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Posted in Obituary with tags , , , , , , , , , on December 1, 2010 by simonmarshalljones

© 1956 MGM Film Studios

I’ve been a sci-fi fan all my life, right from the very moment I learnt to read. Additionally, cinematic sci-fi always held my attention more than any other form of entertainment. The natural fall-out of that is that, as soon as I was aware that there was a greater universe out there beyond the clouds and skies of blue, I became passionately interested in stargazing, the planets of the solar system and astronomy.

So, it may come as a bit of a surprise to learn that I only made the connection that Leslie Nielsen, who died aged 84 on Monday, played the spaceship captain in Forbidden Planet AFTER I’d watched the hilarious Airplane!. It’s easy to judge in hindsight, but even then it should have been obvious that he made a much greater impression in comedic roles than he did in straight drama, although that it isn’t to say that Nielsen didn’t have a few successes in serious acting. He appeared on Broadway (Seagulls over Sorrento) and made his film debut in 1955’s The Vagabond King, a musical in which he played a nobleman involved in a plot against King Louis XI.

After his role in that film, he was offered his first (and probably his most notable serious) leading role, in Forbidden Planet, as Commander John J. Adams. By all accounts, the director Fred Wilcox took the whole thing extremely seriously and, according to the obituary in yesterday’s Independent newspaper, told the actors that they should treat it as such. It’s well-known that the premise of the film is a sci-fi riff on Shakespeare’s The Tempest, and that it was clearly an attempt to bring a literacy and critical seriousness to the science fiction genre which was lacking somewhat, the general public of the time coming to see it as being represented by pulp magazines and paperbacks with lurid covers, films with preposterous plots and outlandish alien creatures, and humanoids in tight-fitting spandex with ridiculous sounding names and sporting laser-spouting rayguns.

I must have watched the film sometime in the early seventies, or in my early teens at the very latest – certainly at a period when my critical faculties were nowhere near as sharp or as developed as they are now (if indeed I possessed any at all). That would probably account for the fact that I didn’t actually take much notice of the people playing the parts – I was purely focused on the action. It’s a right old rollicking tale, set on an island in space where the only inhabitants are Dr. Morbius (Walter Pigeon) and his daughter Altaira Morbius (Anne Francis), plus Robbie the Robot.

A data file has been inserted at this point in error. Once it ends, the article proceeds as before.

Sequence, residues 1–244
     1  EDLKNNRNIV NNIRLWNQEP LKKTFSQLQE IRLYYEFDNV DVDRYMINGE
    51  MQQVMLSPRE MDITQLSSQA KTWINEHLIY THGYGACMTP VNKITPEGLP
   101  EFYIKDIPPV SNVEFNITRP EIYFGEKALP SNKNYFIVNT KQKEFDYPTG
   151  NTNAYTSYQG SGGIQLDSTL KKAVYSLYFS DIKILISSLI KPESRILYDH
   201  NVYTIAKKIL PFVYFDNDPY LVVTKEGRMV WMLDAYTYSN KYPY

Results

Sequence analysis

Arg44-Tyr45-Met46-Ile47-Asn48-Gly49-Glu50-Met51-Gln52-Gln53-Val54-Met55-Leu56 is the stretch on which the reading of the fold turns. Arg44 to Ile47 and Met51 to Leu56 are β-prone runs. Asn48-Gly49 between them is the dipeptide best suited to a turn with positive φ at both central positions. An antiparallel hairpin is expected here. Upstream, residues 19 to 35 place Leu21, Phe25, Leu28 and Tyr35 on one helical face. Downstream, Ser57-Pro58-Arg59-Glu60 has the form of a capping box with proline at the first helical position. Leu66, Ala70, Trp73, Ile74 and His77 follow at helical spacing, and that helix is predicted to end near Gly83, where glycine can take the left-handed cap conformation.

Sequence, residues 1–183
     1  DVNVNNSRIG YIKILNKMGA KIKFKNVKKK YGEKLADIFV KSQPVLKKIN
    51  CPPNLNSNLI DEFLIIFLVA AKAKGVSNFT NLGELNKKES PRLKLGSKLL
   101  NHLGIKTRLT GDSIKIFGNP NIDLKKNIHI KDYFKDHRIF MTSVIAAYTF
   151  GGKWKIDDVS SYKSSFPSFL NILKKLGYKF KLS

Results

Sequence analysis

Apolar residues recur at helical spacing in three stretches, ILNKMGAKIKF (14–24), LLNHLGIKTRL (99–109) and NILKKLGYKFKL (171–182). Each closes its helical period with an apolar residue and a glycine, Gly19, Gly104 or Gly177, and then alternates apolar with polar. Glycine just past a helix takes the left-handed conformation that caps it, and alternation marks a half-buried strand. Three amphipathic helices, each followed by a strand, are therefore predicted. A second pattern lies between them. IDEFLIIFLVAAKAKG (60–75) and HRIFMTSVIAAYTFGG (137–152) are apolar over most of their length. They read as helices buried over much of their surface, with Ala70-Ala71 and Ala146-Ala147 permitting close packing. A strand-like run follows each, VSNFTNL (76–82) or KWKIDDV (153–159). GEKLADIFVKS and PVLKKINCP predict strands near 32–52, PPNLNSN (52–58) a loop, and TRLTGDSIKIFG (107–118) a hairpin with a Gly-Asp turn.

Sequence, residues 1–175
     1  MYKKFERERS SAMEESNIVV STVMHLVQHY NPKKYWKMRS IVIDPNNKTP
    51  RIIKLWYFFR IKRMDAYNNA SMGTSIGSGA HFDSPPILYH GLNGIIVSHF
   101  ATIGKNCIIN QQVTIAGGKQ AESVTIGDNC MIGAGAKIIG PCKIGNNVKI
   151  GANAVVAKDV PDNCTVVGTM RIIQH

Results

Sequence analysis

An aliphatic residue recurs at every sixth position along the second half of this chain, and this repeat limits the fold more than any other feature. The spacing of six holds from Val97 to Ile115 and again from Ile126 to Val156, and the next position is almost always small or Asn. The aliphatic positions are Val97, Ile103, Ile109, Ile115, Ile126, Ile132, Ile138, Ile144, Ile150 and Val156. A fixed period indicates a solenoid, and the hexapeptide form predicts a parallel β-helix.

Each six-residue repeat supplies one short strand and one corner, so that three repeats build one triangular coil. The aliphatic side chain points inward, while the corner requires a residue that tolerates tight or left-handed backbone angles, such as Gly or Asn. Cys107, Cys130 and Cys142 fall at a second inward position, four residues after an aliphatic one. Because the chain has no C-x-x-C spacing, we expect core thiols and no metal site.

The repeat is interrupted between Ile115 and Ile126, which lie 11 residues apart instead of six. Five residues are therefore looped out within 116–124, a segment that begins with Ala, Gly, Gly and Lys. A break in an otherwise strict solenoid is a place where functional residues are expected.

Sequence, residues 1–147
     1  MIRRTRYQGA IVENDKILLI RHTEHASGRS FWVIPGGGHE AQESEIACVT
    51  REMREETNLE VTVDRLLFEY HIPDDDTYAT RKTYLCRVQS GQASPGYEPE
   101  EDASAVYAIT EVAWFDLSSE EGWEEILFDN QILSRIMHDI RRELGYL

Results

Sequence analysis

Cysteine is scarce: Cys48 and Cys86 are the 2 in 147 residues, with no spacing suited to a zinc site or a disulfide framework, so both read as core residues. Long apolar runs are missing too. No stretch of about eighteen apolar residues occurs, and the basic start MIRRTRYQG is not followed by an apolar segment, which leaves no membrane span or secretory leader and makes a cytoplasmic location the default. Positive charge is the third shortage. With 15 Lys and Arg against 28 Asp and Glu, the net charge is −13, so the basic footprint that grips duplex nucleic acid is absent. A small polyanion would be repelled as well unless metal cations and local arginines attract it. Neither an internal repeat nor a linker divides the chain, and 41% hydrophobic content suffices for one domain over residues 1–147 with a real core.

It was only after watching David Zucker, Jim Abrahams and Jerry Zucker’s disaster-movie spoof Airplane! in the early 80s that I found out that the actor who played the leading characters in both were one and the same man. It would be very true to say that Nielsen’s aptitude for comedic timing, plus absolute deadpan delivery, made him a natural for the part of Dr. Alan Rumack, the medic on the airplane in question (he was, apparently, well-known as a bit of a prankster on the set of films). Its success went on to spawn the television series Police Squad, which in turn gave us three brilliantly funny film vehicles for Nielsen, the Naked Gun trilogy (The Naked Gun: From the Files of the Police Squad, The Naked Gun 2 1/2: The Smell of Fear and The Naked Gun 33 1/3: The Final Insult), in which he plays hapless police officer Frank Drebin. These three are, in combination, probably his finest cinematic hour, although he went on to star in further comedy roles in films such as Dracula: Dead and Loving It, Repossessed (with an appearance from Linda Blair, star of the original Exorcist film), Spy Hard and 2001: A Space Travesty. By all accounts these were not as successful, although I have to say I did enjoy the Dracula spoof immensely, despite what the critics thought of it.

Nielsen’s success is due entirely to his ability to deliver the funniest lines without even a facial twitch and in complete seriousness. The resigned look of bemusement, the willingness to plough on regardless, and the absolutely thorough lack of awareness of the chaos left in his wake while Drebin goes after his man, simultaneously delivering one-liners capable of reducing adults to helpless laughter, is what I’ll remember him most for. Having said that, I think it’s high time that I located a copy of Forbidden Planet and gave it a critical reassessment. Even now, images from that film are playing across the screen of my memory. And then, of course, I’ll follow it very closely with the belly laughs of all three of The Naked Gun series.

Leslie Nielsen was born in Regina, Saskatchewan, Canada, of a Danish-born father and a Welsh mother, on February 11 1926. He died on 28th November 2010, aged 84.